My friend, Linda Aginian and I both bought packages. She made hers first, following the package instructions which read: “Bring 4 cups of water to a rolling boil in a large saucepan. Add salt or 2 cubes of bouillon. Add Manti, stirring occasionally. Boil 10-15 minutes. Pour your choice of sauce over cooked Manti. Serve hot.”

Friday, January 27, 2017

Balsamic Eggplant and Pepper Salad with Golden Raisins

Christine Datian continues to wow people with her culinary creativity. Another of her creations can be found on the California Raisin website – and – right here on The Armenian Kitchen!

Try her latest tasty treat … a salad featuring roasted eggplant and California golden raisins.
California Golden Raisins

Balsamic Eggplant and Pepper Salad with Golden Raisins
by Christine Vartanian Datian

 INGREDIENTS:

 6 medium Japanese eggplants
1 each red and green bell pepper, sliced or diced
1 medium red onion, minced
1/4 cup fresh chopped mint
1/4 cup California golden raisins
2-3 cloves garlic, crushed
2 tablespoons balsamic vinegar
2 tablespoons light brown sugar
1/2 cup finely chopped flat leaf parsley
3 tablespoons roughly chopped fresh basil, loosely packed
Kosher salt and black pepper to taste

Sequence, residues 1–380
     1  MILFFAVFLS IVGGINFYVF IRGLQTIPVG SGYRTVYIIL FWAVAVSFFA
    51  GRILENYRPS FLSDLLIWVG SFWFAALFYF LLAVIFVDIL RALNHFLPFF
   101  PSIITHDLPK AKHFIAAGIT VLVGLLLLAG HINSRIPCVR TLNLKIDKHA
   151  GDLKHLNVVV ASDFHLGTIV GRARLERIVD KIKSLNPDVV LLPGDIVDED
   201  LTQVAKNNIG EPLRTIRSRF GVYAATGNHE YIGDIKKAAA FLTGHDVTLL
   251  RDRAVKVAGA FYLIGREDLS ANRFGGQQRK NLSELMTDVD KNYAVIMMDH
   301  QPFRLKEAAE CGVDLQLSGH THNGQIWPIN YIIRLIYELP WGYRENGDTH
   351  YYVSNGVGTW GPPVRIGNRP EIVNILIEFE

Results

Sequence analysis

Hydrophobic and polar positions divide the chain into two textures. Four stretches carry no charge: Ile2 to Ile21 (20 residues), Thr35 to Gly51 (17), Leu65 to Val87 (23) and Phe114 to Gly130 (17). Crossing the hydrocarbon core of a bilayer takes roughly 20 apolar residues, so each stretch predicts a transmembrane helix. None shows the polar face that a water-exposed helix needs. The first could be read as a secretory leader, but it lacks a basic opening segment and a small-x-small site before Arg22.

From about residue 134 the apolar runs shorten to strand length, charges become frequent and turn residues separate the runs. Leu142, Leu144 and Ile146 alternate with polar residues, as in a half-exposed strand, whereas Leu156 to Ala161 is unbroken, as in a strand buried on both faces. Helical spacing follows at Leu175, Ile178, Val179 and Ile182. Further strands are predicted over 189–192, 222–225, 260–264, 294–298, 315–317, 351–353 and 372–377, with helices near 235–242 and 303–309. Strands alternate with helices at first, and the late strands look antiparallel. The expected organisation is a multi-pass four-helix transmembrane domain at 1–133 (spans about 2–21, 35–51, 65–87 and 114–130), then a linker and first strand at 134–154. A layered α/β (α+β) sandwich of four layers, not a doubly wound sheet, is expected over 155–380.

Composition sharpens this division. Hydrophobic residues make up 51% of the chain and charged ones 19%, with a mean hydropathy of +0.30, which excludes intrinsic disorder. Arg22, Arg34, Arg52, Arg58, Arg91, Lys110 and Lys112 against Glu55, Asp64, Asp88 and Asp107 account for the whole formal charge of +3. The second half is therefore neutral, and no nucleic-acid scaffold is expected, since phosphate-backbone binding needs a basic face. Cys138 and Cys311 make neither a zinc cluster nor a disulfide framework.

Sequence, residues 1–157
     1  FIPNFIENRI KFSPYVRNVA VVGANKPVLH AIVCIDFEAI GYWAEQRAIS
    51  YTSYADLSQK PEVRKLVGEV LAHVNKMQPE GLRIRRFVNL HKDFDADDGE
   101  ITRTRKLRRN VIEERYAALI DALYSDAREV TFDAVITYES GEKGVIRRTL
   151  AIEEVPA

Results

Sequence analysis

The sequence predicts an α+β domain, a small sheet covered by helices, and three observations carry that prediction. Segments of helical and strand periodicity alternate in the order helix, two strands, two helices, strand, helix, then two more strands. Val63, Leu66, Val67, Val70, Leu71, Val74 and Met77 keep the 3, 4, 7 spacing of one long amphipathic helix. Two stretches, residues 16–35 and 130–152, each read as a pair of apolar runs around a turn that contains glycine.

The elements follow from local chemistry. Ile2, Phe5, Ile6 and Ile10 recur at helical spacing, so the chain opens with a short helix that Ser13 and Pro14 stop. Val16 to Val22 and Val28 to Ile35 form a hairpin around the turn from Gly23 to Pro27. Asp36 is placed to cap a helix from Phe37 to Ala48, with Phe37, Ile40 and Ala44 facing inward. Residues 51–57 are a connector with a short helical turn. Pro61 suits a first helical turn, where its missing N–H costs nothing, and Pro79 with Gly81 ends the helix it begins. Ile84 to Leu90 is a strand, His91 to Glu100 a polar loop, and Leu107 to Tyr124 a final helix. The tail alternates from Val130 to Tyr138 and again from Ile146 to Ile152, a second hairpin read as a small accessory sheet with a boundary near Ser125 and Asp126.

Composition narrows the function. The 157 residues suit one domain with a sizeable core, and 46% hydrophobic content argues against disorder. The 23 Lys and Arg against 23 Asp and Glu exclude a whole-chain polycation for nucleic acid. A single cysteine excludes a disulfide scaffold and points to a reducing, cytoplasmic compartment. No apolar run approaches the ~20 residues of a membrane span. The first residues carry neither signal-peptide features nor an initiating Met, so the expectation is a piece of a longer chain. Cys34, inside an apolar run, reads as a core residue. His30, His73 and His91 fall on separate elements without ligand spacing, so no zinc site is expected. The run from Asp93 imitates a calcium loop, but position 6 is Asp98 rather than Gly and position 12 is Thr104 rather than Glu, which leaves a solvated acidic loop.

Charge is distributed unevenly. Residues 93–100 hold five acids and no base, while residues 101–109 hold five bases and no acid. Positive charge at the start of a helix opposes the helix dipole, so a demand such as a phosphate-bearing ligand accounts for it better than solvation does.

2 lemons, juiced
4 tablespoons olive oil
1 medium jalapeno pepper, seeded and minced
Cayenne or Aleppo pepper to taste

Garnish: Chopped roasted walnuts

DIRECTIONS:

Preheat oven to 400°F.  Puncture eggplants with a fork and place on a baking sheet.  Bake for 1 hour or until soft, turning occasionally. 
Cool eggplant, peel, and scoop into a medium bowl.
In another bowl, toss together the bell peppers, onions, mint, raisins, garlic, balsamic vinegar, sugar, parsley, basil, salt, pepper, lemon juice and the olive oil.  Add the jalapeno pepper and cayenne or Aleppo pepper, and toss.  Pour this mixture over the eggplant, and toss to coat well. 

Cover and refrigerate for 1-2 hours or overnight before serving.  Add more lemon juice or olive oil, if desired.  Garnish with chopped roasted walnuts before serving.


Saturday, January 21, 2017

Orange Pomegranate Lamb Shanks by Christine Datian

While Doug and I are entertaining out-of-town family, Christine Datian has kindly offered to share several of her recipes which are regularly featured in the ‘Recipe Corner’ of The Armenian Mirror-Spectator. 
The first recipe we posted was her ‘Italian Pork Loin with Pasta and Vegetables’. Today we’re sharing her recipe for ‘Orange Pomegranate Lamb Shanks’, a hearty dish with complex flavors – a real crowd-pleaser!